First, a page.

Tao Te Ching
THE TAOISM OF LAO TZU
Tao Te Ching
In any Eastern culture, when ancient times are mentioned, it's always to point out what would be commendable and wise. The idea that past times were superior to the present is found just about everywhere, even in the Western world prior to the scientific revolution, a few hundred years ago.
Actually, it's only the last hundred years or so that we have changed significantly into regarding the past as dark and the present as bright. About the future, though, opinions are mixed.
Lao Tzu was definitely in support of praising his past as superior to his present. He makes it clear in several lines of the Tao Te Ching. In the distant past, people were nobler and wiser, following Tao, the Way, more closely. It made sense to him, since the ancestors lived nearer to the very emergence of the world through Tao. Not much had been corrupted, yet.
Also, there were several classics, ching, written by excellent minds, already at his time. He probably saw few contemporary books, except his own, which were possible to compare to the old ones. His conclusion could be none other than the deterioration of the human mind in general and human virtue in particular.
So, when he starts this chapter saying that the sages of ancient times didn't convey their knowledge of the Way to other people, he must mean that it was a wise choice of theirs. People were kept ignorant, so that they were easier to rule. Otherwise, the country's stability and order were at risk.
But knowledge of Tao is not necessarily understanding it or being able to follow it. Insufficient knowledge can even be an obstacle. People think they know, so they close their eyes and get no closer to Tao. They settle with having a name for it. This may be the kind of knowledge that Lao Tzu wants to keep away from people.
Actually, most knowledge is like that. Each phenomenon in nature is given a name, as is every plant and animal. That doesn't mean we understand them, nor does it mean that we are clear about their roles in the world.
Still, those who want to appear learned make sure to memorize a lot of such names, and thereby claim to have a perfect understanding of the things named. Already in the first chapter of the Tao Te Ching we are told that this is a mistake.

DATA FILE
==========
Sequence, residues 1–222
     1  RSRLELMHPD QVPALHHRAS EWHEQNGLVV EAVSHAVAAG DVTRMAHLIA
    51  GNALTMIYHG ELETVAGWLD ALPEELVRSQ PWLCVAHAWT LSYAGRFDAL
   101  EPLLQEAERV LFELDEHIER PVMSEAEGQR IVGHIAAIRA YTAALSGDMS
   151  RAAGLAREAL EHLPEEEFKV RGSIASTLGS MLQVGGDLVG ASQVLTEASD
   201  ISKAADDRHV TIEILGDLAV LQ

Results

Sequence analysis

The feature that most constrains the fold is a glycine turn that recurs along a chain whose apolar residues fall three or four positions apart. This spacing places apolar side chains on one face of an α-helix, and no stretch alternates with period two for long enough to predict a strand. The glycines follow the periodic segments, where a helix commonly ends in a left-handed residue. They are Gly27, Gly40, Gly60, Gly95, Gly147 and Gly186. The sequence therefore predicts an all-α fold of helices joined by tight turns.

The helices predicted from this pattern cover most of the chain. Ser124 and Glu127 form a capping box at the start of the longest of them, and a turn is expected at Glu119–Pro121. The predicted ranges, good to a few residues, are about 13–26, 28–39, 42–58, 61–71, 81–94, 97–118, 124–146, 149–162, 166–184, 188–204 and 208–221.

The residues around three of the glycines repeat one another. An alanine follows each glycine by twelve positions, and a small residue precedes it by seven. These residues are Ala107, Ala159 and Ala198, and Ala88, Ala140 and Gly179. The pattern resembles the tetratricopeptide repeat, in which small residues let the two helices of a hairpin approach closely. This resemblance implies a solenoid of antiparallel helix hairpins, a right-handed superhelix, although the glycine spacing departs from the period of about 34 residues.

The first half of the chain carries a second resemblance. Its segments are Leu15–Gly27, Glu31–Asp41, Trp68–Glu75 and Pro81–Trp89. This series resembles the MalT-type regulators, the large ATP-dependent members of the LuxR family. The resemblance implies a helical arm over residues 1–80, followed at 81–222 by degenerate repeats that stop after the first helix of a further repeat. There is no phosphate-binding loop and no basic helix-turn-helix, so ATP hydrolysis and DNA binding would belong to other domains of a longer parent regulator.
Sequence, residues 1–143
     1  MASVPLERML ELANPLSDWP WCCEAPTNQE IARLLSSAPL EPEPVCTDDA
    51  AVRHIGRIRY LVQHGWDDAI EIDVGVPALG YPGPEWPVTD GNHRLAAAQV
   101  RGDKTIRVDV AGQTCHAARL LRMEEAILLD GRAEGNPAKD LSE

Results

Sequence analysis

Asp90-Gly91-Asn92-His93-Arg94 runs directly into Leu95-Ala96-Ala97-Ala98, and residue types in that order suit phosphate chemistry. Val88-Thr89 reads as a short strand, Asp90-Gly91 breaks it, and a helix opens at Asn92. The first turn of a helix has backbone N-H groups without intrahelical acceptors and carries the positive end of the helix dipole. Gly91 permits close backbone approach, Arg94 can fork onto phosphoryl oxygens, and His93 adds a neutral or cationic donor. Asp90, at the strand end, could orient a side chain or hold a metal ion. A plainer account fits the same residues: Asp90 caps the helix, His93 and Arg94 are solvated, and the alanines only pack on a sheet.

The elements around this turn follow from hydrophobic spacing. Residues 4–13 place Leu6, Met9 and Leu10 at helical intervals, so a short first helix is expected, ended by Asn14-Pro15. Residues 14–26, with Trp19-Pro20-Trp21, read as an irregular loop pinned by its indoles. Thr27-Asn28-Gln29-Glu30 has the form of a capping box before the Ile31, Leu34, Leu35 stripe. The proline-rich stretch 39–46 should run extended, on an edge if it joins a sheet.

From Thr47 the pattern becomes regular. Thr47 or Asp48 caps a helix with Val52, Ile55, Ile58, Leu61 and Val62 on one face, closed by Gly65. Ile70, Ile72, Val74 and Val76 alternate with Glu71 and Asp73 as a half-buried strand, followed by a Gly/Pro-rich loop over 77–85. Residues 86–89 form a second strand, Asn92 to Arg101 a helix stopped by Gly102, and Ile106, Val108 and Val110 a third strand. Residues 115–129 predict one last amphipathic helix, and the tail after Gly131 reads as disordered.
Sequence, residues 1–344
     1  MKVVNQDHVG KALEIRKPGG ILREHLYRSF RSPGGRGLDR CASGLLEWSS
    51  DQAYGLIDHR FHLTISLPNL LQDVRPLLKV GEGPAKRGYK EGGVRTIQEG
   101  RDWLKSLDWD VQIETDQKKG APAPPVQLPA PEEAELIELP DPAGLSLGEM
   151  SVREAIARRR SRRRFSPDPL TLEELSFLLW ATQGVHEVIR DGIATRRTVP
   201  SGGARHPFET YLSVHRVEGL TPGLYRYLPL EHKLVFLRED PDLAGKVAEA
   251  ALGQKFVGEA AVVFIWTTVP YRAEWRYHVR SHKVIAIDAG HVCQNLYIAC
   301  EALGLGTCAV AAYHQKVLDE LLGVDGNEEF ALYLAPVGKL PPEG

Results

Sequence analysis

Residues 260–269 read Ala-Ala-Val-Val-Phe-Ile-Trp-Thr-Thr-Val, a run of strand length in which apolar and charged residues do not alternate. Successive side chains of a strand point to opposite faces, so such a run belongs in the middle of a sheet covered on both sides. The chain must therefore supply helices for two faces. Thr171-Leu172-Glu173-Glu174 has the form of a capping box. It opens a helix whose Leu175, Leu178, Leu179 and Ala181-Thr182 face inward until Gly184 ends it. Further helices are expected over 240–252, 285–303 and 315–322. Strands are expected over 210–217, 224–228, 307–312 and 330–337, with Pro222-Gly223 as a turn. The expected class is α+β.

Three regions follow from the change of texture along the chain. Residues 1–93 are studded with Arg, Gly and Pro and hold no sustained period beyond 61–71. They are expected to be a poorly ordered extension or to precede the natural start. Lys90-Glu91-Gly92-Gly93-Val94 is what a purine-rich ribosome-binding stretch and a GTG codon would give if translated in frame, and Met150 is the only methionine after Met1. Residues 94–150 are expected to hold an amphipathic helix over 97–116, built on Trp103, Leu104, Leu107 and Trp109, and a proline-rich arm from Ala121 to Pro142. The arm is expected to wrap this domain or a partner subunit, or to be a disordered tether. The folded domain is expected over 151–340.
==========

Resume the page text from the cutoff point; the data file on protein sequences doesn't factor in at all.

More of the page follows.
Tao is not just a road you walk, and its name doesn't reveal its essence.
Lao Tzu complains in chapter 32: "There are already many names. One must know when it's enough." He should have had a glimpse of our time. It would shock him. Today, we have so many more names on so many more things, but we still fail to understand how they are connected, and what ultimate law they obey.
We should halt the naming, and start our quest for the truth behind all things. That's what Lao Tzu talks about in his book. In the absence of the truth he prefers that people are ignorant, not caring for knowledge.
At the time he lived, there were experiments with it so far away from his abode that he had no way of hearing about it. Ancient Greece had no contact with China, where the democratic idea was unthinkable.
In a democracy, the people's knowledge is essential. Without it, there's just the pretense of democracy. People need to know as much as their elected leaders do, or they will be powerless against them.
On the other hand, in a kingdom or an empire like that of ancient China, people should be powerless, not to interfere with the ruler's plans. Then they should be kept ignorant. It's not the ideal state by far, but Lao Tzu and his contemporaries saw no alternative.
As for our time, being one where democracy is somewhat established and cultured, profound virtue should be explained to people, so that it encompasses all of them. That's how a democracy can be properly governed, since everybody has a role in it.
Today, Tao and its virtue need to be learned by all, or our society will surely fail. So, now Lao Tzu would probably agree that his book is called for.
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